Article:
While Annulus is Koeosaeme’s third release on the Ohio-based experimental imprint Orange Milk Records, it’s of a slightly different style than those two previous releases. Sonorant (2017) and OBANIKESHI (2019) were very much in the Orange Milk wheelhouse, sputtering fusillades of random samples and off-kilter beats, resulting in chaotic soundscapes perfectly exemplified by Orange Milk’s usual garish, brightly colorful artwork. But on Annulus, Koeosaeme – real name: Ryu Yoshizawa – executes more of a subtle vibe. Don’t worry, though – it’s still pretty weird.
The album’s cover is a helpful clue that things might be different this time around. It’s a slightly subtle variation on the usual madness that adorns the front of an Orange Milk release. The illustration of a subway commuter in a suit and tie, crouched in pain or despair over the train’s seats, seems abstract but in a slightly more controlled fashion. The painting is by Orange Milk co-founder Seth Graham, who – along with co-founder Keith Rankin – is responsible for most of the label’s art. Yoshizawa is pulling back the throttle a little bit this time, with compositions that are a bit more low-key, at times almost New Age.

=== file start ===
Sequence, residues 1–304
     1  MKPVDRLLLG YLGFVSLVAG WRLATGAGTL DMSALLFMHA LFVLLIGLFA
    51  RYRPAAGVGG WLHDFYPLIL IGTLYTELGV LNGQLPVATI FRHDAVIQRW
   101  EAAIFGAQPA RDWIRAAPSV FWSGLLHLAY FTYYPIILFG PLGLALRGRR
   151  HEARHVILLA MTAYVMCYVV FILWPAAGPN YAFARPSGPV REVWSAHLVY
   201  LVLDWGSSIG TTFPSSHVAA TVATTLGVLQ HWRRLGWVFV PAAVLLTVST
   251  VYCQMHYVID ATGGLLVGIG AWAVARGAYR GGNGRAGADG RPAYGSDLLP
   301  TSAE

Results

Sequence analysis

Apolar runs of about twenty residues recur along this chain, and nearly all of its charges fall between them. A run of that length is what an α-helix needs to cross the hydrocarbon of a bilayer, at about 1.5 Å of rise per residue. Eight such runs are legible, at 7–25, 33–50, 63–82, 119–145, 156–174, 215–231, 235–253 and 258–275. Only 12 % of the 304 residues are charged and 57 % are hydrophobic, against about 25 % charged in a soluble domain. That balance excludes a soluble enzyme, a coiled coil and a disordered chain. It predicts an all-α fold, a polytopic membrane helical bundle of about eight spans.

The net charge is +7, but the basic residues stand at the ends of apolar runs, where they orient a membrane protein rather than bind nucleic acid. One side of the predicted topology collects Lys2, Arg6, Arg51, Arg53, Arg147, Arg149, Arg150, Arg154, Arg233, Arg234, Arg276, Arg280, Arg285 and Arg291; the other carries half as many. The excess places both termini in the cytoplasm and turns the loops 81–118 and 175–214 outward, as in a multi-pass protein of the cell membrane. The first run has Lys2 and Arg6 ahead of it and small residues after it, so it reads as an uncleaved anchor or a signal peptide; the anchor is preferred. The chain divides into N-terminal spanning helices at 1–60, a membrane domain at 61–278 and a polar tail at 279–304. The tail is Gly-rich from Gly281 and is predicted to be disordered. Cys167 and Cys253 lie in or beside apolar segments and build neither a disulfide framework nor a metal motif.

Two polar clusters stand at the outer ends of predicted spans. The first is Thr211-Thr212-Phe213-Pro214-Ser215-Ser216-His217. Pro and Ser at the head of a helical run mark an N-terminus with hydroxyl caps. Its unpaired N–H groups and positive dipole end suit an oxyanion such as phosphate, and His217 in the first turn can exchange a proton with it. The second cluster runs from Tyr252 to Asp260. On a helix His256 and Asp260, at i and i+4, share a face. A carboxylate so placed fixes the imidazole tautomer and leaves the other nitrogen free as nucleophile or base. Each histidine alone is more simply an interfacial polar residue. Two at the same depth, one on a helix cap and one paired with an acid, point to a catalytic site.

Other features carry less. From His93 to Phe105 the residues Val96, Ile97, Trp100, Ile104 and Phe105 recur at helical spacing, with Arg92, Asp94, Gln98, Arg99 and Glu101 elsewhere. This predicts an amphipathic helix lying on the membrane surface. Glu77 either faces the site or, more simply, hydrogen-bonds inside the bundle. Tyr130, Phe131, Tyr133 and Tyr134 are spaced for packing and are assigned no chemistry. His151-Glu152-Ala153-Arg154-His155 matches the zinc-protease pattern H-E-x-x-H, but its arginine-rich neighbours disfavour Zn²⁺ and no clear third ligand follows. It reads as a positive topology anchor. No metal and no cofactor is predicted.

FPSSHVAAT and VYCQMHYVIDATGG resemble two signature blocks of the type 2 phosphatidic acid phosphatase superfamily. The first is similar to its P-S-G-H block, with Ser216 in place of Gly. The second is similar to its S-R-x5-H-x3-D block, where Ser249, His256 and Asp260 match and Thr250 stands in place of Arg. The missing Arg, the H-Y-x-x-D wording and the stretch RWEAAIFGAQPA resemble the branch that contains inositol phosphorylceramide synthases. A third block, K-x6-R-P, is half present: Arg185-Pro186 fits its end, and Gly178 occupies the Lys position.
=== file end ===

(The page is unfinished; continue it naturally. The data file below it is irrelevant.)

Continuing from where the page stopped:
Part of this slight stylistic shift is due to some of the music’s inspiration. Annulus is inspired in part by Southeast Asian folk music – from Burma, Thailand, China – resulting in some genuinely startling instrumental passages that give the already deeply layered pieces plenty of contemplative and emotional heft. The opening track, “15202119:10” (all the album’s tracks consist of long numerals, like anonymous audio files), starts with long sustained synth notes, with bits of odd samples, found sound, and bleating snatches of horns thrown in for good measure. But Yoshizawa takes a somewhat lighter approach this time around; the music – while still odd and alien-like – is more measured. The warm marimba and clarinet-like sounds that form the basis of “1520219:44” are almost like a friendly guide, leading the listener through the exotic effects.
Elsewhere, “12920216:48” is rooted in primitive percussion coupled with samples and vocalizing that approach some semblance of Tuvan throat singing. It’s clear that Yoshizawa is reveling in this trip outside his comfort zone as it provides new avenues for him to explore and ply his unusual trade. Percussion also makes up the core sound of “122202115:12″, but it’s more of a synthetic nature, and that tumbles into “212202115:46″, in which Graham garners a collaborative credit.
Annulus closes with the brief, caffeinated “21320219:43″, a sliver of a track clocking in at a little under 90 seconds, featuring thumping percussion, nature sounds, and bright, fleeting outbursts of a flute. It’s one last exciting gasp of an album filled with energy but also plenty of room to breathe. Koeosaeme is an artist with a restless artistic sensibility, and Annulus is yet another side of his vast talents.